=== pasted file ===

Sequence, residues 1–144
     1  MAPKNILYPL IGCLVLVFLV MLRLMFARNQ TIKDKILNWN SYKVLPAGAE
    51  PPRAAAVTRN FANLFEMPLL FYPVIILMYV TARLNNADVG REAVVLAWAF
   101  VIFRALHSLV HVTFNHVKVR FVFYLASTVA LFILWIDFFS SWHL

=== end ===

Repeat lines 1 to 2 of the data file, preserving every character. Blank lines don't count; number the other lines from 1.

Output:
Sequence, residues 1–144
     1  MAPKNILYPL IGCLVLVFLV MLRLMFARNQ TIKDKILNWN SYKVLPAGAE